PMERS, Environmental Uncertainty, and Managerial Behaviour: An Empirical Investigation of the E-V Theory of Motivation in the Organisational Setting

Kominis, Georgios N (2002) PMERS, Environmental Uncertainty, and Managerial Behaviour: An Empirical Investigation of the E-V Theory of Motivation in the Organisational Setting. PhD thesis, University of Glasgow.

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The contribution of Management Control Systems (MCS) in general, and of the Performance Measurement Evaluation and Reward System (PMERS) in particular, to the motivation of the managers who operate at the middle level of the organisation's hierarchy has received relatively little examination up to date. Most of the available empirical evidence in the area of measurement, evaluation and reward of managerial performance tends to focus almost exclusively on executive managers operating at the top level. Using an Expectancy-Valence (E-V) model of job behaviour as a theoretical framework, this study primarily sets out to investigate the impact of the PMERS on middle-level managers' motivation and subsequent performance. At a second level, it aims to examine the relative success of the PMERS to positively influence managerial motivation and performance under all environmental conditions, both certain and uncertain. By means of an analytic questionnaire - which was purposively developed on the basis of instruments previously tested and extensively used in practice by other researchers in the field - a sample of 225 middle-level managers from a large UK-based financial institution provided data for the study. All in all, the analysis of the managerial perceptions gathered regarding the company's PMERS indicate that the managers' motivation is primarily affected by the extrinsic and intrinsic rewards that they perceive to enjoy in the context of their job environment. Motivation is specifically related both to the perceived value and to the performance-dependency of these rewards. The latter seems to suggest that a key issue affecting the motivational effectiveness of the PMERS - and therefore a central design consideration - is the choice of rewards to be included in the company's reward package, as well as the manner through which these rewards are eventually allocated to the company's managerial staff. As to the intervening effect of perceived environmental uncertainty, this research provides evidence to show that the managers' perceptions about how uncertain their (internal and external) job environment is have a significant adverse impact on their perceptions about the accuracy of the performance measures and the attainability of the performance standards that are employed within the PMERS. This result implies that the design of the company's PMERS is better seen as situationally specific, i.e., as contingent on the relevant (actual and perceived) conditions of the organisational environment for which it is intended.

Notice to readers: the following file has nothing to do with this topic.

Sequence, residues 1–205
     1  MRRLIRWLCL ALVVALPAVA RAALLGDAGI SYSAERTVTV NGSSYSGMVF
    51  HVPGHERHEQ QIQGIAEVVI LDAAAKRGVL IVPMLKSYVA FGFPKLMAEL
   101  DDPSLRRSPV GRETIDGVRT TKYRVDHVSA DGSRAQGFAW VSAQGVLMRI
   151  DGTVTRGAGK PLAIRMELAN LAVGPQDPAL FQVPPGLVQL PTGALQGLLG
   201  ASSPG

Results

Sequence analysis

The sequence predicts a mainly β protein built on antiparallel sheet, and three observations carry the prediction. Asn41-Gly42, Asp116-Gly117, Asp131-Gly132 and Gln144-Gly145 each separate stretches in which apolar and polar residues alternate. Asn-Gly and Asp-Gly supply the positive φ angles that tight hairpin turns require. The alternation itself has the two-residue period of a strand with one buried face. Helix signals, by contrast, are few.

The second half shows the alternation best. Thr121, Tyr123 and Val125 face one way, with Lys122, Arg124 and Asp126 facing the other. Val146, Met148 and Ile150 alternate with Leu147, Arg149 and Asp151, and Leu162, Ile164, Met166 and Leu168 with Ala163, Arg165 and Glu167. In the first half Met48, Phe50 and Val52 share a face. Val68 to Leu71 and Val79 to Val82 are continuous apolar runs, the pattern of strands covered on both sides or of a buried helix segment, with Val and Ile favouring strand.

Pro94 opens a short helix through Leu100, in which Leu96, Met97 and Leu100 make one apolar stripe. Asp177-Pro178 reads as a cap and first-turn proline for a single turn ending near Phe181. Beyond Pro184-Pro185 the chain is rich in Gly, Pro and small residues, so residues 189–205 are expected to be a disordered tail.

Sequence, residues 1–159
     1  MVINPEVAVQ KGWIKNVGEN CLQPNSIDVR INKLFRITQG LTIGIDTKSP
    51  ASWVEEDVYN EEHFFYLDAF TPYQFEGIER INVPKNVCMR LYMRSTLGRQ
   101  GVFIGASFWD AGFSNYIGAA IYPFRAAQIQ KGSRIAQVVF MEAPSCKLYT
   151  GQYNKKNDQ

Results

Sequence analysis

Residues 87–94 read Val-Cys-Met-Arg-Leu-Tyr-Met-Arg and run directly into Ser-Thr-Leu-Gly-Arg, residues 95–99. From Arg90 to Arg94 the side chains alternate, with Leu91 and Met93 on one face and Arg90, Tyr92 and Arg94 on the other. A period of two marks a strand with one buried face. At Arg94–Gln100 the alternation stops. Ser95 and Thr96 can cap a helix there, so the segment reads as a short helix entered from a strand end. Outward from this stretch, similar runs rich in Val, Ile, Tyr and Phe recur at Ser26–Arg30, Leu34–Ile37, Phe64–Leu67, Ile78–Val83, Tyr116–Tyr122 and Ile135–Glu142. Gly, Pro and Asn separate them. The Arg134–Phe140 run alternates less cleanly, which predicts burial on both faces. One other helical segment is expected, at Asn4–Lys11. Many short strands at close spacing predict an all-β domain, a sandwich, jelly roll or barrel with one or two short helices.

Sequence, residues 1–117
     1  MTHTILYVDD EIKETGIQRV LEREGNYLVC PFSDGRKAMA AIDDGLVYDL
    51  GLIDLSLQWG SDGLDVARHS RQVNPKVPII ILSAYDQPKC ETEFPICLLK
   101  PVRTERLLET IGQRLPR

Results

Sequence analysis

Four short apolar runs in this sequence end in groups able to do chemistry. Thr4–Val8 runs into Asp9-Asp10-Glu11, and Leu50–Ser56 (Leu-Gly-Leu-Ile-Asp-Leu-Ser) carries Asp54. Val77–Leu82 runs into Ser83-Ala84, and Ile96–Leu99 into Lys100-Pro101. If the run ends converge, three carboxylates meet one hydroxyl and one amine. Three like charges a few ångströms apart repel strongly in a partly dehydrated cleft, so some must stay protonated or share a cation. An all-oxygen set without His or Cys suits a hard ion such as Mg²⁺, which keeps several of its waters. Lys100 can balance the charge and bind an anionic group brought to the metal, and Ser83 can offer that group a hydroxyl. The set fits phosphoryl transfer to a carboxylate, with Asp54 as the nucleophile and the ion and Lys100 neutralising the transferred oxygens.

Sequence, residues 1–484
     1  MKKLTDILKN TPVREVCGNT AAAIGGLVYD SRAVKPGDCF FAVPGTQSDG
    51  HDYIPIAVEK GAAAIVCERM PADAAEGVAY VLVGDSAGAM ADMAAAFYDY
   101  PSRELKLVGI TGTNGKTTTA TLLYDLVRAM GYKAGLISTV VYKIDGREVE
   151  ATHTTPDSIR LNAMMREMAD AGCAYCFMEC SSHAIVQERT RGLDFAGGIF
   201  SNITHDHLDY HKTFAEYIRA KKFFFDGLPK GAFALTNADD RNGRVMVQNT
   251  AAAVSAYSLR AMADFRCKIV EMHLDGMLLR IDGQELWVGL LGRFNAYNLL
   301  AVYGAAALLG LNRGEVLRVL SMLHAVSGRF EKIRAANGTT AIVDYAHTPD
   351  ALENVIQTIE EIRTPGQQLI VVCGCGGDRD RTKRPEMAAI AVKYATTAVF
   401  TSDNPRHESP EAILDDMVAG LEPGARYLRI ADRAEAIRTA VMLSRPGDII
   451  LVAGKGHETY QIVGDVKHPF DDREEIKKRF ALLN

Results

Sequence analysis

Item Type: Thesis (PhD)
Qualification Level: Doctoral
Additional Information: Adviser: Clive Emmanuel
Keywords: Management, Organization theory
Date of Award: 2002
Depositing User: Enlighten Team
Unique ID: glathesis:2002-76266
Copyright: Copyright of this thesis is held by the author.
Date Deposited: 19 Nov 2019 16:12
Last Modified: 19 Nov 2019 16:12

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